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UCL Lunch Hour Lecture

Incest and folk-dancing: why sex survives. Professor Steve Jones (UCL Biology)

Sir Thomas Beecham once said: "Try anything once but incest and folk-dancing" (he pointed out that brass bands, too, are all very well in their place, "in the open air and several miles away"). Sex with a relative is often frowned upon, but is in fact universal, for we all share ancestors in the recent past. On average, two randomly chosen Britons of European descent are sixth cousins, with their common ancestor alive in Darwin's day. Darwin himself was worried about the effects of close intermarriage, for he married his own first cousin. This lecture will talk about sex, about how inbreeding is an escape from true sexual reproduction, about how some creatures abandon sex altogether - and about how mating within the family is still surprisingly common in some populations (including some within Britain) although it may, at last, be on the way out.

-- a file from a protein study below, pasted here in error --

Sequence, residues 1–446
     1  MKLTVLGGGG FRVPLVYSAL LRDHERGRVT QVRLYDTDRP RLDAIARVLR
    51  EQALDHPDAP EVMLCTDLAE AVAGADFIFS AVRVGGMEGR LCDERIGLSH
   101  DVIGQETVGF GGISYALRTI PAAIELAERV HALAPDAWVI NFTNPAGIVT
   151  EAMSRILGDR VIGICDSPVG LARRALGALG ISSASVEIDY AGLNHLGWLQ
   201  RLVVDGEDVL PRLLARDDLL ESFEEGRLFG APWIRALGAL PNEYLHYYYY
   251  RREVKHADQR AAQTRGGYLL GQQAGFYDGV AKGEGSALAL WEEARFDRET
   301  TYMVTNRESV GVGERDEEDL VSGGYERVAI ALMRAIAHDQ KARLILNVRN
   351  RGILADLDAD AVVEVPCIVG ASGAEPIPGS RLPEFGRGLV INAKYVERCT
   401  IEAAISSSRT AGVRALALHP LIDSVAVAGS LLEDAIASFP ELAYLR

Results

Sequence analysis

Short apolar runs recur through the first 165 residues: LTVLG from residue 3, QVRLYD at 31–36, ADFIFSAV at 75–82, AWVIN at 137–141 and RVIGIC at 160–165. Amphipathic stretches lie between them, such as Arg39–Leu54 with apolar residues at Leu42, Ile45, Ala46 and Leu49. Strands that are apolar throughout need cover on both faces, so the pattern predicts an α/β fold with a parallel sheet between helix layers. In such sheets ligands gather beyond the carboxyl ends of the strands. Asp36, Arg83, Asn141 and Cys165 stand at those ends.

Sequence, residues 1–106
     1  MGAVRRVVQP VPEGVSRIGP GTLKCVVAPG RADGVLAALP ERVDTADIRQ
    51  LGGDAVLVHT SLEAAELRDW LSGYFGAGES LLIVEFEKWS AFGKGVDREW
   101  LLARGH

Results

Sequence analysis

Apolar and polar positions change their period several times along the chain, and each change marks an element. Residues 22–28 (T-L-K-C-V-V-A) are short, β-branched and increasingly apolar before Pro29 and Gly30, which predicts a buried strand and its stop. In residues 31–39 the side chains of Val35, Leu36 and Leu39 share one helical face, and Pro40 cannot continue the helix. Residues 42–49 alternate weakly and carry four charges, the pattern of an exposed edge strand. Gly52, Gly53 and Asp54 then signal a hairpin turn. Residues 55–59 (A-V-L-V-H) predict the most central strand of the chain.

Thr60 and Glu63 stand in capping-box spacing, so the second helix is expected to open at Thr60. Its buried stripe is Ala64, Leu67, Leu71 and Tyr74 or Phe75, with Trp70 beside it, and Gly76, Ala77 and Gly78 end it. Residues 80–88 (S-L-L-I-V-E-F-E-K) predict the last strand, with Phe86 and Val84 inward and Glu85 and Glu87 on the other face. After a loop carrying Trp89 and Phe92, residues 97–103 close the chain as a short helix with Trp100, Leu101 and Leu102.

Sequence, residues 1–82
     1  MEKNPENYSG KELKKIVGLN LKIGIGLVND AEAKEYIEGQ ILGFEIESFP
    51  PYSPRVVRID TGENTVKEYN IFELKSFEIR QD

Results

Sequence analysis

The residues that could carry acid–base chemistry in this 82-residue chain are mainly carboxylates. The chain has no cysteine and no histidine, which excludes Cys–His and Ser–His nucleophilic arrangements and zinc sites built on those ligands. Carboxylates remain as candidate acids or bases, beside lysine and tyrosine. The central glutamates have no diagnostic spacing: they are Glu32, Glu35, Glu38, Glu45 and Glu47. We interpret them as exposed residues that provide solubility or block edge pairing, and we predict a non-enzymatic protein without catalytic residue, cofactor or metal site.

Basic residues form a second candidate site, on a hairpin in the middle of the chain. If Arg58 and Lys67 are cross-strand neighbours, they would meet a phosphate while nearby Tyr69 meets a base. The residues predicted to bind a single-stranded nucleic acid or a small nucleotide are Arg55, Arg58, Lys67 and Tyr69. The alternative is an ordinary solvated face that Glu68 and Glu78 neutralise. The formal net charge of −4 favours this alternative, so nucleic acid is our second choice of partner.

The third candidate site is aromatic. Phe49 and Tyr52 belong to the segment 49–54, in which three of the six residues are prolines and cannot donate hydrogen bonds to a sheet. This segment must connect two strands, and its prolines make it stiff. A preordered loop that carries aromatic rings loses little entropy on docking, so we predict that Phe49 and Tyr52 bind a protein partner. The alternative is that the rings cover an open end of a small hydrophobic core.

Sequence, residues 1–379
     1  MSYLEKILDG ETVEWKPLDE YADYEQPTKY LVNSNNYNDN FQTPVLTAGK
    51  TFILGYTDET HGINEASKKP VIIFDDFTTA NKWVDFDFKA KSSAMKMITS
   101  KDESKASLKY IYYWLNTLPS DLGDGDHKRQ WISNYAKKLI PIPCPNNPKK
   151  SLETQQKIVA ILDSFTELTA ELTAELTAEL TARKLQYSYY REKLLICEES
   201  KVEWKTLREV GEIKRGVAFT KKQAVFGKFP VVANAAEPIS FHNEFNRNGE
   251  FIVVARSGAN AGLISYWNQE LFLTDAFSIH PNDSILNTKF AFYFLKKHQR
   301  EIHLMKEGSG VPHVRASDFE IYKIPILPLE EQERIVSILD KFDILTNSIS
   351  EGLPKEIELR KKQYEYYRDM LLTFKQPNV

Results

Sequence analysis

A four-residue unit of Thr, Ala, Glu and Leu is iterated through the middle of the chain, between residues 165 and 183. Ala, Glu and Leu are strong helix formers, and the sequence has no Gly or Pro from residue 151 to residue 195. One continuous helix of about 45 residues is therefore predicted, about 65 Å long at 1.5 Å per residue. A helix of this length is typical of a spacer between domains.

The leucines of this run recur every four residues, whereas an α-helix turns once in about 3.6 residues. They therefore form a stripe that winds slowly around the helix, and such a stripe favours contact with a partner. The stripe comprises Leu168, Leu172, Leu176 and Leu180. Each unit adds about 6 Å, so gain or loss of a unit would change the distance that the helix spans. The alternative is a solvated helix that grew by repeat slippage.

Professor Steve Jones | talks | www


Date and Time:

12 October 2010 at 1:15 pm


1 hour



Gower Street


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Available from:

UCL Lunch Hour Lectures are free and open to all. There is no need to book, and places are on a first-come first-served basis. Alternatively lectures can be watched online streamed live or after the event at www.ucl.ac.uk/lhl/streamed

Additional Information:

More information at www.ucl.ac.uk/lhl or email dan.martin@ucl.ac.uk

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